Among the more tragic things to witness in Hollywood is a filmmaker following up a branded classic with a sequel that just doesn't match up. Even worse is when that film doesn't even seem to be made by the same person. At least when Jack Nicholson made The Two Jakes, we couldn't get angry at Roman Polanski for it.
Wall Street: Money Never Sleeps is the kind of movie that doesn't quite know what it wants to be. It's clearly a sequel to Wall Street, but it's so busy focusing on so many different things that the ultimate purpose of the project gets muddled. Is it a revenge tale? A cautionary tale? An expose about the continued evils of business or a torrid romance between a new liberal and a young republican? All of these things get touched on in Oliver Stone's follow up to the film that birthed the infamous creed "Greed is Good," but in trying to cover all those bases, it merely scratches the surface at any one thing.
I don't know what it is, but I just feel like Oliver Stone seemed more connected when he made the original; it had a purpose, a message to deliver about what was going on at the time, and it delivered that message with a swift slap across the face to the Wall Street wolves of the Reagan era. With the advent of our recent financial troubles, it would seem Wall Street 2 has an equally important message to deliver, but it just can't seem to figure out what that is... or it's got it all wrong.Essentially the premise of the film begins in 2001 (pre-9/11) when Gordon Gekko (Michael Douglas) is released from prison for the crimes he committed in 1987. With no one to pick him up from the pen, Gekko decides to get to work being a celebrity author and seemingly repent for his sins. Fast forward to 2008, where we land with Shia LaBeouf's Jake Moore, a youngblood on the Wall Street fast track, who's seriously dating Winnie (Carey Mulligan) estranged daughter of the infamous Gekko. Now, Winnie is clearly pissed at her dad for ruining her life, so she's ultra-liberal and runs a blog and espouses her hatred for all things Wall Street... so why's she shacked up with Jake? Maybe there's a reason she's always miserable.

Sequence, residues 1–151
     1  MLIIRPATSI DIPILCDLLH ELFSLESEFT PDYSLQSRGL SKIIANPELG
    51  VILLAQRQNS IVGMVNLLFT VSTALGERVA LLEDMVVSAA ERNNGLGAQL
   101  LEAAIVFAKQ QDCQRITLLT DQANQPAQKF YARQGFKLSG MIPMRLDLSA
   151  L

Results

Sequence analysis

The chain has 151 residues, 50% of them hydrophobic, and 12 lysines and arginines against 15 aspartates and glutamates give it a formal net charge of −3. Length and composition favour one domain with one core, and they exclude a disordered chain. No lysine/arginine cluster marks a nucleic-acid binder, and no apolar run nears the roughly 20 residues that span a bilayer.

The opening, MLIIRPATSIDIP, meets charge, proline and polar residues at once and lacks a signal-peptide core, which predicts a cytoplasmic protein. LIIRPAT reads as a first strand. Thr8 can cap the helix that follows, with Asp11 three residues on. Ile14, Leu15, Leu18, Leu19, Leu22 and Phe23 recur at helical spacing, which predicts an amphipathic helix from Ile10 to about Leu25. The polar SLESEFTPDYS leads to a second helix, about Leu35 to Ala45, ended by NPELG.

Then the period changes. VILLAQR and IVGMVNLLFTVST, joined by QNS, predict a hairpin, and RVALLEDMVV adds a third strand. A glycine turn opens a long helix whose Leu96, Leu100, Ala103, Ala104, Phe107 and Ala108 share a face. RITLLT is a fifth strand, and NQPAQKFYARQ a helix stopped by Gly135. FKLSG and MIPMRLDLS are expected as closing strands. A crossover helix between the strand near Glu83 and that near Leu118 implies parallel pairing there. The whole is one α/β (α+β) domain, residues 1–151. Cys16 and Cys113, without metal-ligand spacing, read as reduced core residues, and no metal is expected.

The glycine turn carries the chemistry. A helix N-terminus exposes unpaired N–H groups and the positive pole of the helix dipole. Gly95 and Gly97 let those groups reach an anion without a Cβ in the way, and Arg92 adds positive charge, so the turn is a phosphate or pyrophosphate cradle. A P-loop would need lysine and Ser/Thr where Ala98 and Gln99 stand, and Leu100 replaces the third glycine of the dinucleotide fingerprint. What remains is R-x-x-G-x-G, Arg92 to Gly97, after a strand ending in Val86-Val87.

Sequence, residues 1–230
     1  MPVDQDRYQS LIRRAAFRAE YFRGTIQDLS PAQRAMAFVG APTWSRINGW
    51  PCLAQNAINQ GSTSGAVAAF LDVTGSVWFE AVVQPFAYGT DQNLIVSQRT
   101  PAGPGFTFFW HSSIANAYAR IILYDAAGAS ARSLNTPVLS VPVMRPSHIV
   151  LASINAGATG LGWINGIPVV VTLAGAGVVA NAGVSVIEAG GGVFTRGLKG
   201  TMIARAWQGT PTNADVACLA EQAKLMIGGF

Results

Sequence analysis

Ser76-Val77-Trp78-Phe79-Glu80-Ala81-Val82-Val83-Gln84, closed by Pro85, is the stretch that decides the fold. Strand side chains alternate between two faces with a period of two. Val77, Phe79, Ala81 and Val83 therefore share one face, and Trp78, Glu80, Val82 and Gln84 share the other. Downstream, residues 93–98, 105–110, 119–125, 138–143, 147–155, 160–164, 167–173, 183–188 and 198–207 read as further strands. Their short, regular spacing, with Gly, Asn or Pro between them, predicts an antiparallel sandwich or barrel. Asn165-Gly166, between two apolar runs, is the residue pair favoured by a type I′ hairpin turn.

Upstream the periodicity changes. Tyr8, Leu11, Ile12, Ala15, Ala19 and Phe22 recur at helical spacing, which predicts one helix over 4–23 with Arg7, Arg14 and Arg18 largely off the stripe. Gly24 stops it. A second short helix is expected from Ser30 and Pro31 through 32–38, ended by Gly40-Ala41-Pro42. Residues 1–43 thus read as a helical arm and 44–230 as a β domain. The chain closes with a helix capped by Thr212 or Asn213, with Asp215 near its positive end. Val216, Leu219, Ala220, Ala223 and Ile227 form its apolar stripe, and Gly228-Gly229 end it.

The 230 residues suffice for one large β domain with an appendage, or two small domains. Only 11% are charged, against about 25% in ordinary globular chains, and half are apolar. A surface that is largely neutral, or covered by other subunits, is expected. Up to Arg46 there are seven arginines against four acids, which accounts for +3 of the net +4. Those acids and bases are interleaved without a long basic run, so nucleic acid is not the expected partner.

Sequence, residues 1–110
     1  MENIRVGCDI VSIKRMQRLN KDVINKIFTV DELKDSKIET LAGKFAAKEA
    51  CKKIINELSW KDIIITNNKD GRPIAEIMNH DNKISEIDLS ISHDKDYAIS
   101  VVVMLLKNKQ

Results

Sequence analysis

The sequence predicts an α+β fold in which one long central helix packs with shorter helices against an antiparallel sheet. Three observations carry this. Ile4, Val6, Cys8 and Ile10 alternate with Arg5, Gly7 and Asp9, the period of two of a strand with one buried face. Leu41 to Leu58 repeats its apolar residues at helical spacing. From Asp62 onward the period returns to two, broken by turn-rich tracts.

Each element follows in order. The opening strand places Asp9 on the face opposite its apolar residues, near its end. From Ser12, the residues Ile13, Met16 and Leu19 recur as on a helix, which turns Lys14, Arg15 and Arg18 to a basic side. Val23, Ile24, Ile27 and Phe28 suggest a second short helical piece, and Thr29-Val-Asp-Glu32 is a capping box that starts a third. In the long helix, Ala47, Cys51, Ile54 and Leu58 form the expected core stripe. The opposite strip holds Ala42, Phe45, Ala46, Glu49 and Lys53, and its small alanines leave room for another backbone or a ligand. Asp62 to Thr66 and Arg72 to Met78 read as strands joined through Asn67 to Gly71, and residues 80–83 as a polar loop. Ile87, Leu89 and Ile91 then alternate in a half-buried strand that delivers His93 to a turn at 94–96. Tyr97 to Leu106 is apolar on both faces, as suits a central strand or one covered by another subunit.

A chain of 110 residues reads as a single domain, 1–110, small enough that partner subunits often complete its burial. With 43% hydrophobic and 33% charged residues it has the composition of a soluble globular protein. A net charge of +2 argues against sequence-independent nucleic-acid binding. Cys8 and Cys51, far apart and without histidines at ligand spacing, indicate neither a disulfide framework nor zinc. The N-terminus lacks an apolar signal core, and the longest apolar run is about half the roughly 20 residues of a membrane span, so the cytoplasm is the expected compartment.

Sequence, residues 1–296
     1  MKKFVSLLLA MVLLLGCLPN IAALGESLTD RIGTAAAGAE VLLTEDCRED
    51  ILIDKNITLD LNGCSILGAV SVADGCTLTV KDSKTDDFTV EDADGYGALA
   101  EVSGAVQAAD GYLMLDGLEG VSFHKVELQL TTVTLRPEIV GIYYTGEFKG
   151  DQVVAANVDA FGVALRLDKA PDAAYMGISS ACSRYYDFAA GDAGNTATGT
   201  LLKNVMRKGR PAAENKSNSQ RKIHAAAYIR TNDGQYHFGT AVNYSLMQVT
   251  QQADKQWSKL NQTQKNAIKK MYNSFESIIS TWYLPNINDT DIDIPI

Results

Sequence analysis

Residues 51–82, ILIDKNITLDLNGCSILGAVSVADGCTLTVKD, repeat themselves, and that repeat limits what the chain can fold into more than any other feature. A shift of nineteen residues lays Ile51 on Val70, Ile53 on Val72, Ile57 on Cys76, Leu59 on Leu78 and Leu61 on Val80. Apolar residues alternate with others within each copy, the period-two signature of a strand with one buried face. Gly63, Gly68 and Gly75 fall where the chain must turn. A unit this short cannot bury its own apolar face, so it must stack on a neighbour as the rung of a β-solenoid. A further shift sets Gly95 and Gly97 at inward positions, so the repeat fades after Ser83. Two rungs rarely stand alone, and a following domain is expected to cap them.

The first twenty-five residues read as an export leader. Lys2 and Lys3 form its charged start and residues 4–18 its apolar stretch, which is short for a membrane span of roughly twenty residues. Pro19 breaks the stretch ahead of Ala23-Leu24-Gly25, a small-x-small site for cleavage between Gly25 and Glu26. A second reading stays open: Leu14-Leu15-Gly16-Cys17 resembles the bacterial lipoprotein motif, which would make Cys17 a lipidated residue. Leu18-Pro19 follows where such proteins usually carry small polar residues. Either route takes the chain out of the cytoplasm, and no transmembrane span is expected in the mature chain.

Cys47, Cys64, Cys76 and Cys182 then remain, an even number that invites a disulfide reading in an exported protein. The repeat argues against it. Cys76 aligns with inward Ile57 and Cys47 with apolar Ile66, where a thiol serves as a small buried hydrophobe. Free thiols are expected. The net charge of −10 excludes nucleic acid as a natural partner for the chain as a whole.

Jake is the protege of one Louis Zabel (Frank Langella), the head honcho at a Bear Stearns-type company. When the company is sent under, dispatching Zabel from not just the money game, Jake is left searching for a new father figure- one he finds in none other than, yup, you guessed it, Gordon Gekko. From there, it's wheeling and dealing for Jake to get revenge on the devilish Bretton James (Josh Brolin) and Gordon to get back in favor with his daughter, with the help of the young Moore, of course.
Performance-wise, it's a mixed bag, but not necessarily because of lack of talent. LaBeouf is great when he becomes bullish, signaling the rite of passage from the pimply-voiced protagonist in robot-deuling kid flicks to the brass balls of manhood. The catch? He's not always allowed to get there. The same goes with Carey Mulligan, who was rather luminous in the recent Never Let Me Go, but seems held back from really showing her stuff. Langella is wonderfully crusty, but gets the axe all too soon, and Josh Brolin does his best mustache-twirling as the clear-cut villain. And then there's Gekko, who, after being the most nefarious corporate raider of the 80's, spawning copycats who reveled in his big-chested speeches, completely ignoring the satire that was meant by them, is merely a shadow of the bad guy he used to be. But is he supposed to be a changed man or is he just the same old bastard he used to be? It's never really clear what he wants.
So this means we've got a deeper problem. Stone and scriptwriters Allan Loeb and Stephen Schiff seem way too preoccupied with keeping Gekko on the sidelines, sending him away for large portions of the film, and dipping their toes into the idea that prison might have changed him for the better. It almost seems like this sequel is apologizing for its predecessor's creation of the greedy monster. It's always tricky when you try to make the villain into a hero, but it simply doesn't work here. Gordon Gekko is best enjoyed while in full asshole mode, and the film's quest to make us sympathize with him because he's trying (in trademark sharky ways) to reconnect with a daughter that hates him is an exercise in futility. Gordon just wasn't meant to be that guy. We don't want tarnished heroes, especially when they're money-laundering dicks. Those people are supposed to get raped in prison, not become bestselling authors with family problems.
Just like the new Gekko, the new Wall Street isn't quite the movie it used to be, or should still be. Marginalized by a scattered self-image and exacerbated by a wayward Stone, yet slick and entertaining enough to satisfy those looking for something vaguely reminiscent of the original, it pales in comparison to the original. Maybe it's time to drop the satire and go for the jugular: greed really isn't good.